Marketing Brand Strategy The Drum Experience Awards

5 trends that shaped experiential marketing in 2022


By Dani Gibson | Senior Writer

December 22, 2022 | 8 min read

Judges from The Drum Awards for Experience 2022 give us a rundown of the biggest trends emerging from this year’s winning work.

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The Department for Digital, Culture, Media and Sport Green Planet AR Experience

Earlier this month we celebrated the very best in experiential marketing at The Drum Awards for Experience during the first-ever The Drum Awards Festival. (You can watch the reveal again here or read the full list of winners here.)

We also caught up with the judges of the 2022 show to hear their thoughts on this year’s entrants and about the innovative trends in the experiential space. Here’s what they had to say...

1. ‘Getting tech right IRL and online’

Susan Liu Jones, head of experience production, BBH London: “My favorite category was Event Technology as this is close to my heart and craft. Over the years, my role at BBH has expanded from delivering pure digital projects to larger-scale experiential work and there were a number of entries submitted that I wish I’d been a part of! It was great to see many submissions utilizing technology to enhance the idea as opposed to using tech innovation for the sake of it.

“The work I liked most brought remote and live audiences together to enjoy the same event, elevating and pushing the boundaries of the brand experience landscape. In a post Covid and hybrid world, this will be the way forward.

“While, not a requirement, it was a nice surprise and encouraging to note many entries included sustainability considerations, incorporating elements that live beyond the life of the activation.”

2. ‘Expect the unexpected’

Tim Baggott, executive creative director, Amplify Australia: “The work that generated the most enthusiasm wasn’t necessarily the largest, most ambitious in scale, but instead the work that provided new unexpected guest experiences.

“Also, the Sponsorship Activation/Event category showcased a real variety of approaches. Whether by showing up in unexpected locations, harnessing smart cultural crossovers, or transforming a small, functional event moment into a memorable brand experience, you get the sense that both brands and agencies are keen to extract more value from these opportunities by breaking the format.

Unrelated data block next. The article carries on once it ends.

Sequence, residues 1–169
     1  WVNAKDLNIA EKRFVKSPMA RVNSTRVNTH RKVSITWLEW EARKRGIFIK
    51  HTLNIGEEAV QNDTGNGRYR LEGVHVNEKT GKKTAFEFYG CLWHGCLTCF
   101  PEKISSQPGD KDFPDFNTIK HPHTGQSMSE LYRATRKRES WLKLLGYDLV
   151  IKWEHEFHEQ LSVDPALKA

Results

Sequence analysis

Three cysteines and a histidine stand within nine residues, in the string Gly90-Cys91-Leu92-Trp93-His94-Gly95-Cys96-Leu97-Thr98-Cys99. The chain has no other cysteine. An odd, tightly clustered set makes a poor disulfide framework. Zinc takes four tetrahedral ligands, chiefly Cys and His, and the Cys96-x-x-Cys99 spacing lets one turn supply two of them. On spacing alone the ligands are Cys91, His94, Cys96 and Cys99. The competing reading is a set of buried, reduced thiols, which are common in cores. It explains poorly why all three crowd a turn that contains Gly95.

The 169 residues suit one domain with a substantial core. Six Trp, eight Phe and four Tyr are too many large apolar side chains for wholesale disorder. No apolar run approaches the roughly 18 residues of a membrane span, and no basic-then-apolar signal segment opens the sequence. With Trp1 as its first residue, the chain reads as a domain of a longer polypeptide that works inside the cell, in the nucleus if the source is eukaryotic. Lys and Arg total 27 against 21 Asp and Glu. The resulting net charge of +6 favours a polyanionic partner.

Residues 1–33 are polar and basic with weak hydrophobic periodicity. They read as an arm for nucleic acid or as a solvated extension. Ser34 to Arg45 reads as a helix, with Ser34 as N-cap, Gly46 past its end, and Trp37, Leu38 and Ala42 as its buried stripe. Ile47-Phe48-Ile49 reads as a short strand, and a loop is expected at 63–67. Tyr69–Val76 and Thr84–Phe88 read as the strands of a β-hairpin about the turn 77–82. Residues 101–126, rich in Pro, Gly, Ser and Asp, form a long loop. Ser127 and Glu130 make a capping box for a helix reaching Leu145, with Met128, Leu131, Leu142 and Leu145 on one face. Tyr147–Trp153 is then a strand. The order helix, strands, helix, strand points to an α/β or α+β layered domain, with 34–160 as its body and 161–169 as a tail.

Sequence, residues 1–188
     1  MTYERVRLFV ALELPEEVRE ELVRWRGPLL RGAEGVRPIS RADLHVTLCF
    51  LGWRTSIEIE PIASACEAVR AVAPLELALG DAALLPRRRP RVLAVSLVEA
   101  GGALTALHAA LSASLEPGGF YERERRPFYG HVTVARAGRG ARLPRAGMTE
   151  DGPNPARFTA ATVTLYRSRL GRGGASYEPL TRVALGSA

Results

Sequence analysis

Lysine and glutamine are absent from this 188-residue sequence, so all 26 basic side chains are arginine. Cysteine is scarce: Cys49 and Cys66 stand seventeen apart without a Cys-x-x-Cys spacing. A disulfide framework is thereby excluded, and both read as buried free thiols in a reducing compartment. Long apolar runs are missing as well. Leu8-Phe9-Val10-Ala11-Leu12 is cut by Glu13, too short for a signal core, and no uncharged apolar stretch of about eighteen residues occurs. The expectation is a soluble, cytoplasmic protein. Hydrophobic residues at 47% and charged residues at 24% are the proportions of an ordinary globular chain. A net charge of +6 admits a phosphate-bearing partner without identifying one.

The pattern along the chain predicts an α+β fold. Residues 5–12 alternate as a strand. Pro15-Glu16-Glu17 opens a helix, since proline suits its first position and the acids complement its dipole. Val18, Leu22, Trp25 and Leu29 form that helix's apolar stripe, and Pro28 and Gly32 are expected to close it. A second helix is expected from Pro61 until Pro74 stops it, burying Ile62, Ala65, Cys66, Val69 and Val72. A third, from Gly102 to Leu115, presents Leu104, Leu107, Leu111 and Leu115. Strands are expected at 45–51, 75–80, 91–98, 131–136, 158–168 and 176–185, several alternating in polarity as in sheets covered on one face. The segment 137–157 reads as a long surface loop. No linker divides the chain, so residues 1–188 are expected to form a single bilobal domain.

“But this year some saw amazing examples of event technology. Clean, flawlessly executed experiences that belie the complexity of the technological solution sitting behind them. Resisting the temptation to show off what’s behind the curtain yields magical, memorable experiences for the audience.”

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3. ‘Losing touch with ‘live’ experiences’

Victoria Buchanan, executive creative director, Tribal Worldwide London: “Fueled by the Covid lockdown, this year’s awards saw a lot of brands and businesses working hard to bring people together with virtual experiences. The brands that stood out showed a strategic combination of the correct technologies such as live video and camera setups to ensure they were designing experiences specifically for their target audiences.

“Many entries created experiences with lots of pre-recorded video content. For me, these experiences lacked the feeling of an ’event’ and we just jump from video to video. The ’live’ aspect is lost and the authentic on-stage vibe is not there. I want to see real people with authenticity, such as real mistakes and words tripped over to feel human, honest and alive. Less recorded video, please.”

4. ‘Reimagine, rethink and experiment’

Judy Lee, head of global brand experience and programs, Pinterest: “These words were on repeat in this year’s entries. There was no business as usual for the experiential industry. New Covid strains, supply chain issues and travel industry meltdowns made for an incredibly stressful year, but the work that stood out had a few things in common.

“Whether in service of a brand or its audiences, the work that had a great story to tell was clear and engaging and stood out. Optimism and inspiration also stood out as after a period of more somber creativity, we’re starting to see more of that and it’s something the world needs right now.

“Also, not only has the industry had a tough time, but our customers have too. Strategies that put the audience’s needs front and center were important. And technology isn’t the solution, but an enabler for storytelling and engagement - while experimenting with new technologies and universes is what keeps our industry dynamic, ensuring there was a clear rationale behind using it was important. Tech for tech’s sake generally doesn’t fare well.

“Whatever you do, don’t call this new class of digital experiences a webinar.”

5. ‘The evolution of real life’

Varghese Chacko, founding partner and president, NYC Nightlife United: “This industry thrives on innovating mediums. During the pandemic, we evolved the one venue we couldn’t visit: IRL. It wasn’t always just the newest baubles that succeeded but also relevant amalgams of existing technology. Livestreams/video chats have been around for over a decade yet it’s the basis for much of our recent engagement.

“The nominees’ work reflected the challenges that businesses are facing. A major theme was interactivity with two-way communication becoming a benchmark. Inclusion was a welcome shift as audience demos were broader in scope. The use cases for in-person, virtual and hybrid are expanding into interesting areas. Audiences are being more intentional with their in-person time while brands are more discerning.”

The Drum Awards for Marketing are now open for entry. Make sure you apply before the early deadline on January 26, 2023.

Marketing Brand Strategy The Drum Experience Awards

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